It would be interesting, and perhaps revealing, to know the contexts in which the Irish tended to use “pus” for “mouth” or “lip”. If it occurred repeatedly in the context of the mouth as a sexual organ, we might have a connection. Otherwise, it is probably, as you say, an unrelated homonym.

  2. Pet Jeffery permalink
    January 31, 2011

    I read, somewhere, that “puss” stems from the ancient Egyptian “Pasht”, by which was meant (I think) the feline goddess whose name is more often rendered “Bast” or “Bastet”. This seemed to me a highly improbable etymology. As far as I’m aware, there’s very little in the English language that can be traced to ancient Egyptian. And the example to come most readily to mind (“Pharaoh” from the Egyptian for “great house”) entered English (I feel almost certain) through Greek.

    Mind, if “Pasht” was the origin of “Puss” the loss of its final “t” is interesting. Sir Alan Gardiner believed that the Egyptian feminine “t” termination had become silent by about 1500 BC. Which would make the pronunciation of “Bast” more like “Bas” or perhaps “Bassy”.

    On the Egyptians, it may be interesting that their feline deities (whether cats or lions) are generally goddesses rather than gods. An association between feline and female seems to go back a very long way. I assume that it’s no more than a coincidence that “feline” and “female” are such similar words. Though it might be one of Jung’s meaningful coincidences.

    • Miranda permalink*
      January 31, 2011

      I was always a bit of a fan of Sekhmet. Lion goddess! I believe she was, in some stories, an aspect of Hathor: http://en.wikipedia.org/wiki/Sekhmet

      • Russell permalink
        January 31, 2011

        I like Anubis because I worship DEATH. (Okay, no, I’m not contributing anything)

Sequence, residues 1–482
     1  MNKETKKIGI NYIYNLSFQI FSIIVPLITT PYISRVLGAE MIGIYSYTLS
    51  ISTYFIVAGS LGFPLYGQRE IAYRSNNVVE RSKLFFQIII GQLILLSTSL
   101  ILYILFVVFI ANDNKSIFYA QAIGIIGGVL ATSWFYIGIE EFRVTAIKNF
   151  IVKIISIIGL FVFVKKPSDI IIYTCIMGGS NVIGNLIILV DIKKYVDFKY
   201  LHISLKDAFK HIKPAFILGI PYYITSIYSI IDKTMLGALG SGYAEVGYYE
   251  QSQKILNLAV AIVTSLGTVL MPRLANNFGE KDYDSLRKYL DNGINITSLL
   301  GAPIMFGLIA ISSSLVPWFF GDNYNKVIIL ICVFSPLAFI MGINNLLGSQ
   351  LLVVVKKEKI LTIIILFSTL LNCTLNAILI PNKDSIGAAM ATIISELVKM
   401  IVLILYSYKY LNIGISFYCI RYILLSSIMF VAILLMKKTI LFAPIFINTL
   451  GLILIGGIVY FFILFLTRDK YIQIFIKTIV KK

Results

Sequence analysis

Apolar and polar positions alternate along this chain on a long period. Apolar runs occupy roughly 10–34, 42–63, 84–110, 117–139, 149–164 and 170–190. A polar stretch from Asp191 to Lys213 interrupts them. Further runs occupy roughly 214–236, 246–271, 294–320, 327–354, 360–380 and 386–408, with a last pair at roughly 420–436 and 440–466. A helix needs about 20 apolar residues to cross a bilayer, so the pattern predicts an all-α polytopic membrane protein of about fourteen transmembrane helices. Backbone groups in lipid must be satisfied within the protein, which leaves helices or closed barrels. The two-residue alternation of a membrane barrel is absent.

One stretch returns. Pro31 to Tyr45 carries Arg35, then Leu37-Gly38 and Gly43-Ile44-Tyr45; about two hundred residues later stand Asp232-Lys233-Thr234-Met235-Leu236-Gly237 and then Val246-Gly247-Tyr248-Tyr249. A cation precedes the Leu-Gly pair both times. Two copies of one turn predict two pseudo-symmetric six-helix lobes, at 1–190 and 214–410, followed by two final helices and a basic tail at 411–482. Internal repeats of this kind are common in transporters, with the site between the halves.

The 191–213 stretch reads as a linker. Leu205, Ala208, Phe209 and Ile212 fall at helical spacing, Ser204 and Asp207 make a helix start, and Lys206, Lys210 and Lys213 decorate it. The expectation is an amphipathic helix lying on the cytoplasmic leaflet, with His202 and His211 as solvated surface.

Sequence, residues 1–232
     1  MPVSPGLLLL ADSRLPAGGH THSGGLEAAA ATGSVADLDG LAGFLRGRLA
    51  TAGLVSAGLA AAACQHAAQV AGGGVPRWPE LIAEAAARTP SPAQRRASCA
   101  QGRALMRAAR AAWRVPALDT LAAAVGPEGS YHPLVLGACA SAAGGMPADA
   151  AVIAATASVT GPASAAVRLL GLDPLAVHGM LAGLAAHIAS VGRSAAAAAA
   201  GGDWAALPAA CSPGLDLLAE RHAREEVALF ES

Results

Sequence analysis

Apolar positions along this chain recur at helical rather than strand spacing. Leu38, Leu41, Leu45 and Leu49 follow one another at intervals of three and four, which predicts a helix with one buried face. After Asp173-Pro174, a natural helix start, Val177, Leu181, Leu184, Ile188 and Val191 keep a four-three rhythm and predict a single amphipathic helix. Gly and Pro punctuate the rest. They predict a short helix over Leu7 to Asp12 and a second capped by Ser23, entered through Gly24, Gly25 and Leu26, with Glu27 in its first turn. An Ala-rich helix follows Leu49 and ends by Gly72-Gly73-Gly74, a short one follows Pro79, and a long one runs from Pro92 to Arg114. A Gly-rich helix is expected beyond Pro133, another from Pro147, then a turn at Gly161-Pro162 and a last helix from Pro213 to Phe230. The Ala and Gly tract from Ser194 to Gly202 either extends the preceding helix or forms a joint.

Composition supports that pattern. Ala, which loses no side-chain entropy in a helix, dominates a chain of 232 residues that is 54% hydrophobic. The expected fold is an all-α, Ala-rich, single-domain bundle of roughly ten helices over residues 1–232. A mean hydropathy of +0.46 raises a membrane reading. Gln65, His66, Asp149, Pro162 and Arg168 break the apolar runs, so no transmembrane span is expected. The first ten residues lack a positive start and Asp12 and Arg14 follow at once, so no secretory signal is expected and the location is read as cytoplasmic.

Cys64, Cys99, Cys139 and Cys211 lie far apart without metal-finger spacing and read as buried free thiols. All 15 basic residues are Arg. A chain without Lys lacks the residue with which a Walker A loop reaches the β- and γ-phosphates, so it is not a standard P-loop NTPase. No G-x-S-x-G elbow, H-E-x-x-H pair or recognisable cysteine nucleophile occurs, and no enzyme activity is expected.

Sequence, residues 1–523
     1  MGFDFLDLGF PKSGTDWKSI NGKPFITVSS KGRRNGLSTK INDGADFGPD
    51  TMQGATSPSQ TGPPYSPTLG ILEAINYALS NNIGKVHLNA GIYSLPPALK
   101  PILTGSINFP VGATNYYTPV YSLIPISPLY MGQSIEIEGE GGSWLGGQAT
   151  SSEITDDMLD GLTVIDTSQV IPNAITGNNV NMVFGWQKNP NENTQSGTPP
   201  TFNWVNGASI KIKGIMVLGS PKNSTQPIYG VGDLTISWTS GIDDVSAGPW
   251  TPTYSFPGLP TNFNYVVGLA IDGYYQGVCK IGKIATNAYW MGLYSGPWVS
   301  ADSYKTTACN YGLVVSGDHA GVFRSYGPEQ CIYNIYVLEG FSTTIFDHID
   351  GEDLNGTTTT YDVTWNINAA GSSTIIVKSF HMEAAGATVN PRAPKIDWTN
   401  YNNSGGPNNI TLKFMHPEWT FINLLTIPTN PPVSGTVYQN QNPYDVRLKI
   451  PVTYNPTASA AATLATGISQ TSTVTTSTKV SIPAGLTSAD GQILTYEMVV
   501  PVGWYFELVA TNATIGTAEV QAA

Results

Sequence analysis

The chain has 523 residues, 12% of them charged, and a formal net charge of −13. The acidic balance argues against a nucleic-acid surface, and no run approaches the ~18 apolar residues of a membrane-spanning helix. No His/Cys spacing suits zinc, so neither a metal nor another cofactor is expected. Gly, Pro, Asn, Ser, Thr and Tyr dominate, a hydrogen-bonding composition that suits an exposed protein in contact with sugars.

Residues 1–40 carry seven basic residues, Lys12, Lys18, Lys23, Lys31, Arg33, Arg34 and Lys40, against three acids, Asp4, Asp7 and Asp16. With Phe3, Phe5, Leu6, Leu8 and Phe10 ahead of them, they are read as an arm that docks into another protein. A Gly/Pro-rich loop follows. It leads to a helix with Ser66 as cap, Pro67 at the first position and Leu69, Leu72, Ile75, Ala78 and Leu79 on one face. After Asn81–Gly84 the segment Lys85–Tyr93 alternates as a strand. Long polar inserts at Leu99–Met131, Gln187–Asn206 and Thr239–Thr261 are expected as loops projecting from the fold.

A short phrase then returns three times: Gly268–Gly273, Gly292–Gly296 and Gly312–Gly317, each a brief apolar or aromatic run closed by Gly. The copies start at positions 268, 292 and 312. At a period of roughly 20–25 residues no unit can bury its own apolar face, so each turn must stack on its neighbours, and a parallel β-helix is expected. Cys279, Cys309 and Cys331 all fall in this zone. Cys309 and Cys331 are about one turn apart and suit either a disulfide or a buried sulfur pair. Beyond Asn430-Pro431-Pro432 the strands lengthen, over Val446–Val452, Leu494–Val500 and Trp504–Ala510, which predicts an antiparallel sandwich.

• Pet Jeffery permalink
        January 31, 2011

        Sekhmet means “the (female) powerful one”. (The female part is the possibly silent “t” termination.)

        As to a connection between Hat-hor and Sekhmet, it seems to be made in the “Book of the Cow of Heaven”. I quote from Miriam Lichtheim’ s (1976) translation. (Hat-hor has been destroying mankind on behalf of the sun god Re.):

        “The goddess returned after slaying mankind in the desert, and the majesty of this god said: ‘Welcome, in peace, Hathor, Eye who did what I came for!’ Said the goddess: ‘As you live for me, I have overpowered mankind, and it was balm to my heart.’ Said the majesty of Re: ‘I shall have power over them as king by diminishing them.’ Thus the Powerful One (Sakhmet) came into being.”

        There is a bit of word play in that (as Ms Lichtheim notes) between the name of the goddess and the word for “power”. There may be an implication that Sekhmet was to be regarded at as an aspect of Hat-hor (or not). This is probably not the place to discuss the matter at length.

        It may be worth noting that it’s generally considered that the archetypical cat goddess, Bastet, was originally another lioness goddess. (The cat as domesticated lion?)

        Something that may connect with some of Hodge’s remarks is the idea that the destroyer can also cure. Sekhmet, an especially fierce goddess, was (for that reason) also closely associated with healing.

  3. Pet Jeffery permalink
    January 31, 2011

    On a personal note, I like cats a great deal, and quite often refer to a cat as a “puss-cat”.

    On the other hand, “pussy” used to mean “female genitals” always makes me feel uncomfortable in a way that the word “cunt” does not.

    Also making me feel uncomfortable are double entendres involving the word “pussy”. (Such as references to Mrs Slocombe’s pussy in “Are You Being Served” http://en.wikipedia.org/wiki/Mrs._Slocombe.) Ugh!!!

    • Hodge permalink
      January 31, 2011

      God yes, I hate the word ‘pussy’ almost as much as ‘panties’. Can’t really say why – I have no problem at all with ‘cunt’. I wonder if it’s because (like ‘titties’ or ‘tits’) it feels like a male imposition on the female body which is almost always used in a dismissive or derogatory sense.

      There’s an interesting sort of accumulation of words women seem not to like, actually. I read once that women hate the word ‘moist’, but I’m not quite sure about that one. I wonder if there’s anything to be said about words people dislike by general consensus…